Dr. Iskandar Abdullaev, Deputy Director Two of the CAREC Institute, spoke about the water and climate problems in Central Asia and the prospects for regional cooperation based on the findings of the latest reports published by the CAREC Institute. He noted that Central Asian countries have experienced much higher rates of temperature rise compared to the global average over the past hundred years, leading to an increase in the frequency of adverse natural disasters of a wide range. The magnitude of future temperature increases and changes in precipitation patterns in the region is likely to exceed observed historical changes. Climate change in the region will cause significant changes in annual volume and seasonal patterns of rivers’ run-off. Dr. Abdullaev suggested focusing on addressing the economic issues of climate change by prioritizing investment strategies, providing financial tools and mechanisms, and developing necessary adaptation and mitigation mechanisms to reduce the environmental impacts and the vulnerability of the population, especially in rural areas. Countries need to improve water use efficiency, establish early warning systems for extreme climate events, implement no-till technologies and crop diversification, and improve crop management.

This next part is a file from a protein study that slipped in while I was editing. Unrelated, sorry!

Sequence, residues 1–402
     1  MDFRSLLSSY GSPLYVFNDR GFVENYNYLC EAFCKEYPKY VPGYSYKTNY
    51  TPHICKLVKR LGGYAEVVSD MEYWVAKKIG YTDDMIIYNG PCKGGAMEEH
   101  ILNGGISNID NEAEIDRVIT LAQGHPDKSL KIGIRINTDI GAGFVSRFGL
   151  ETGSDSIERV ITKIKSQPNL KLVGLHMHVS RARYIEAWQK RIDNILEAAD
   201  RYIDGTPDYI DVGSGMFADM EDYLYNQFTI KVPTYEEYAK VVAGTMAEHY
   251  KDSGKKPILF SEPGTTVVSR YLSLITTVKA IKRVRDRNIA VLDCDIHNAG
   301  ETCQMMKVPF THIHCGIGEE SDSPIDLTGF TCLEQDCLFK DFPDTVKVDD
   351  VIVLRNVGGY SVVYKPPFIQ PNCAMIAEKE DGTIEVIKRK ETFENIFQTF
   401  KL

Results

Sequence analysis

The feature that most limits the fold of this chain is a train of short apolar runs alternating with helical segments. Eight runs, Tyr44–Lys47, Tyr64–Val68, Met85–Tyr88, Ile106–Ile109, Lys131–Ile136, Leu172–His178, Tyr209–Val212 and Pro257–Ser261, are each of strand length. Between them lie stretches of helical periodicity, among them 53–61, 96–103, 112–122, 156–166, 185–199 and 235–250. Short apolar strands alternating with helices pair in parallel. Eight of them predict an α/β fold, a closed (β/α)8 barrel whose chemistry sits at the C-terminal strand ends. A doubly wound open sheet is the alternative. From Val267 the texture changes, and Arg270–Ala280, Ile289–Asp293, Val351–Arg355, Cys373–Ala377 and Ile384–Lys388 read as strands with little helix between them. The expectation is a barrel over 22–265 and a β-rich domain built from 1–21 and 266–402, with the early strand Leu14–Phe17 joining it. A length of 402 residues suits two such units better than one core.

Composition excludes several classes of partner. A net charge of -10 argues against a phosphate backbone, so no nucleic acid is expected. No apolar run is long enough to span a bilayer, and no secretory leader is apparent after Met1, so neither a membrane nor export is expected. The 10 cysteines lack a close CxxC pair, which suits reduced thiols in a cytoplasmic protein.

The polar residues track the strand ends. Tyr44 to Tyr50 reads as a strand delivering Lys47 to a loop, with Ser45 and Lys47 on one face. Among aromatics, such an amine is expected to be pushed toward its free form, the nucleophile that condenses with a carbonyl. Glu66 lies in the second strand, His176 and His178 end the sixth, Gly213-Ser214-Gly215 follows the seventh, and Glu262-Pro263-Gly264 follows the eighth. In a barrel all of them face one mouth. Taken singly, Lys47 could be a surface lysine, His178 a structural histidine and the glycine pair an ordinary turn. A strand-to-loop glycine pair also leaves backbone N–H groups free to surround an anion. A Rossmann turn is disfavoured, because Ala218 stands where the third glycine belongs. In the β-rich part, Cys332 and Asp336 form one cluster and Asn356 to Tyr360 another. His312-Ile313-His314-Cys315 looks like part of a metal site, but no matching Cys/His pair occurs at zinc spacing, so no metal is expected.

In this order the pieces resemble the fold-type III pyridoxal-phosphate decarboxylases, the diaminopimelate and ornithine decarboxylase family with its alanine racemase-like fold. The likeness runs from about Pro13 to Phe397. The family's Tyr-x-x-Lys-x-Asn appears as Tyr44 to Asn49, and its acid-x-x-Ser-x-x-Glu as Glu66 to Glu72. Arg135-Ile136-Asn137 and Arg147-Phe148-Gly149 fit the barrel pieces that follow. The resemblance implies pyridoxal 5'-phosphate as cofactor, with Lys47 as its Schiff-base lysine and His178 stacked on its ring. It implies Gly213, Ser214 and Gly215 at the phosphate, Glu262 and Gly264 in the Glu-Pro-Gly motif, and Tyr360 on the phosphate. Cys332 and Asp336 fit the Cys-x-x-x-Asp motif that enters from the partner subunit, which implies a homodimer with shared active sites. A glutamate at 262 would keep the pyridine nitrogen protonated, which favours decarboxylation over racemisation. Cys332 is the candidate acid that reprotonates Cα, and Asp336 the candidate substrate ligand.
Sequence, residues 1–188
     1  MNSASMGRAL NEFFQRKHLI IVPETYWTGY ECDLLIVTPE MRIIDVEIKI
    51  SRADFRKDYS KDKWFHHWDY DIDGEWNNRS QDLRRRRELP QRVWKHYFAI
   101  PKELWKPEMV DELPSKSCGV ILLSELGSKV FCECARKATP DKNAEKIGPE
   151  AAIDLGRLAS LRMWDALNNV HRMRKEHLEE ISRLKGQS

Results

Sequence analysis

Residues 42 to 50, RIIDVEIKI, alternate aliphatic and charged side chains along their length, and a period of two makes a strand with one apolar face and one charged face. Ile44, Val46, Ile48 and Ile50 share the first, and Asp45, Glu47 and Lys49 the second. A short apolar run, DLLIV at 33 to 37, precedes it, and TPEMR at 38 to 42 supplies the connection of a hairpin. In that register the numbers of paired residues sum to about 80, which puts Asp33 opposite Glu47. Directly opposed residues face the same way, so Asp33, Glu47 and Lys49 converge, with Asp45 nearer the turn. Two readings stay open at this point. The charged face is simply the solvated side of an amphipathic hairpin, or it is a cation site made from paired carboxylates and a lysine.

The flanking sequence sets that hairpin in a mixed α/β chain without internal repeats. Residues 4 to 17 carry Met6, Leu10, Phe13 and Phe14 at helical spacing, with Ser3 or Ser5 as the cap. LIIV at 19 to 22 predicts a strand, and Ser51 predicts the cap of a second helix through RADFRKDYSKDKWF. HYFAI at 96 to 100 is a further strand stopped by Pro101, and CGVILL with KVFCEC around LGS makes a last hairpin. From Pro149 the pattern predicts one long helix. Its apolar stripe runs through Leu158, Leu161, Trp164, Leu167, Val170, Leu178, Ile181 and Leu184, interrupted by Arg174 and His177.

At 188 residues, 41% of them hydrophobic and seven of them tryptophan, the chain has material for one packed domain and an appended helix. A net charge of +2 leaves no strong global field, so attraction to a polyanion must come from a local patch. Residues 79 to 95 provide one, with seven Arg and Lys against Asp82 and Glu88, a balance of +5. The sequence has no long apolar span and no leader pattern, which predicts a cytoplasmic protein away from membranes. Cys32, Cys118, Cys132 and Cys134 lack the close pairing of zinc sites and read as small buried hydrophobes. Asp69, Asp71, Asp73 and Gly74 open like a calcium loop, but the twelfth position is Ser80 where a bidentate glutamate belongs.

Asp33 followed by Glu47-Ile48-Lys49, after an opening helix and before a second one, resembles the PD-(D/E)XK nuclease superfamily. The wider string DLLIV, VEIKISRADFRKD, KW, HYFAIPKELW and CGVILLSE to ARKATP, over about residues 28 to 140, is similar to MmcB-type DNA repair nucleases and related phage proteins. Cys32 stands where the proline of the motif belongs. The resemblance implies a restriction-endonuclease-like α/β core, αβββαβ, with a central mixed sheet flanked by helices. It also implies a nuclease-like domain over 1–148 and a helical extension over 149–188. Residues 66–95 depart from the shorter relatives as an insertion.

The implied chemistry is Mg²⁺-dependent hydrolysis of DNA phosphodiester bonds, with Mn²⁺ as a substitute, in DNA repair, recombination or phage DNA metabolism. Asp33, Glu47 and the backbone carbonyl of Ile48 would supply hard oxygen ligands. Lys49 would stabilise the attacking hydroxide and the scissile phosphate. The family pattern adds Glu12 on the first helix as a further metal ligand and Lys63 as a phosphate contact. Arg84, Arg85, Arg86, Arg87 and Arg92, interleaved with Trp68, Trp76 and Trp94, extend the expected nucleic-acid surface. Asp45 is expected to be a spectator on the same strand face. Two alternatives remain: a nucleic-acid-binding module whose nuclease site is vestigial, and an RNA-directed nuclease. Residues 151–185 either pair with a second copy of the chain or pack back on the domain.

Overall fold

Vice-Rector of the Kyrgyz Turkish Manas University Dr. Kamalbek Karymshakov, and Dr. Dina Azhgaliyeva, Research Fellow at the ADBI, presented the results of a recent study on climate change and household energy consumption in the CAREC region. The study found that households whose incomes declined in the two years following COVID-19 consume more biomass in rural areas and electricity in cities instead of coal. The authors recommend promoting the development of natural gas and LPG infrastructure and reducing the consumption of solid fuels, while increasing the price of electricity should be carried out with caution due to the possibility of switching to coal consumption by households, especially from vulnerable groups.